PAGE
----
Book Reviews and Notices.
Charles Porterfield (continued); Southern Political Views, 1865
(concluded) ; Early Quaker Records in Virginia (to be continued) ;
An Old-Time Merchant in South Carolina, by Kate Furman, and
The Spaniards in the South and Southwest, by Stephen B. Weeks.
THE QUARTERLY has received an interesting and valuable bro-
chure of 44 pages entitled Vida y Obras de Don Jose Fernando
Ramirez, by Don Luis Gonzalez Obreg6n, M. S. A. This brief
sketch of the life of the distinguished jurist, historian, and man of
letters, who found it possible, in spite of the storms of his political
career, to do so much for the cause of sound learning in Mexico, is
told with evident sympathy by Sefior Gonzalez Obreg6n. It is a
pathetic story to tell-how Ramirez toiled for a life time in form-
ing a library of inestimable value, only for it to be sold in London
after his death. It has been scattered to the four winds, but there
is warrant for the faith that most of it has passed to appreciative
owners. This is certainly true of so much of it as has fallen into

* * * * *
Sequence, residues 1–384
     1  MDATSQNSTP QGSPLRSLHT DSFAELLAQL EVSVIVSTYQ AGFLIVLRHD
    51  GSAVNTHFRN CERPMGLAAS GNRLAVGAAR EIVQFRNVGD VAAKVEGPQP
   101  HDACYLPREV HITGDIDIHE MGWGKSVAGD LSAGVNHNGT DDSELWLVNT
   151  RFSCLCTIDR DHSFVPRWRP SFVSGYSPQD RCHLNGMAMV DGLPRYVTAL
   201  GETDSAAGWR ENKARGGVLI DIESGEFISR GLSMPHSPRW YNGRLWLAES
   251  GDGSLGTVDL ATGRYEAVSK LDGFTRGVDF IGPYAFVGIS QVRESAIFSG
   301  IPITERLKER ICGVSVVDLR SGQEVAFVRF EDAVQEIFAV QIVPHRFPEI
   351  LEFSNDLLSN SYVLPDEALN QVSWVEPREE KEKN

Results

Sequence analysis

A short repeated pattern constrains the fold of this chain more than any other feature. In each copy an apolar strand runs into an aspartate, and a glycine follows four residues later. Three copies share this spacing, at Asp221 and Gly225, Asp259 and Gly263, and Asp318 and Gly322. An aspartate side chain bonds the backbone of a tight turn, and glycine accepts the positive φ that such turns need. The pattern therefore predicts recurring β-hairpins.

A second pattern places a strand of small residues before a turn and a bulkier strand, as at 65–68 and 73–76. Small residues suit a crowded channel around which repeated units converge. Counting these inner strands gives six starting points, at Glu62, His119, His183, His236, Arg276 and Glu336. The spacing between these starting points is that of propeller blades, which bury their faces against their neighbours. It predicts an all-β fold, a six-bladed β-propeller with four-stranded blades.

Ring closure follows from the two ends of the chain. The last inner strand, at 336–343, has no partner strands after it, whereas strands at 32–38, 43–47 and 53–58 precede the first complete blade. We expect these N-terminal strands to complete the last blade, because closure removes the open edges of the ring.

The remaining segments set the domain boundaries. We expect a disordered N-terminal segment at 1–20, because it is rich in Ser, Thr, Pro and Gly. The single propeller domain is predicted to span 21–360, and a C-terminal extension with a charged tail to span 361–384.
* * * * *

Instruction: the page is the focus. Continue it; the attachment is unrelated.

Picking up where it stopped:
the hands of Mr. Edward E. Ayer, of Chicago.
The latter half of the pamphlet contains a bibliography of the
works of Ramirez with notes that must prove very useful to stu-
dents of Southwestern history. G. P. G.
The April number (Vol. VII, No. 3) of The American Histori-
cal Review contains, besides the secretary's report of the Washing-
ton meeting of the American Historical Association, three signed
articles, thirty-four pages of documents, and the usual portion of
book reviews and notices. Professor Chas. H. Haskins contributes
the first installment of a paper entitled Robert Le Bougre and the
Beginnings of the Inquisition in Northern France. It gives us
substantial information relative to the Inquisition in northern
France during the early thirteenth century. In the history of the
Inquisition this particular field has been, comparatively speaking,
a neglected one. George Kriehn continues his Studies in the
Sources of the Social Revolt in 1381. Part V is devoted to the
death of Wat Tyler. He concludes that Tyler was a man of" marked
ability and eloquence; and that the traditional account of the events
at Smithville culminating in his death is far from correct, particu-
Texas State Historical Association. The Quarterly of the Texas State Historical Association, Volume 6, July 1902 - April, 1903. Austin, Texas. The Portal to Texas History. http://texashistory.unt.edu/ark:/67531/metapth101028/. Accessed December 4, 2013.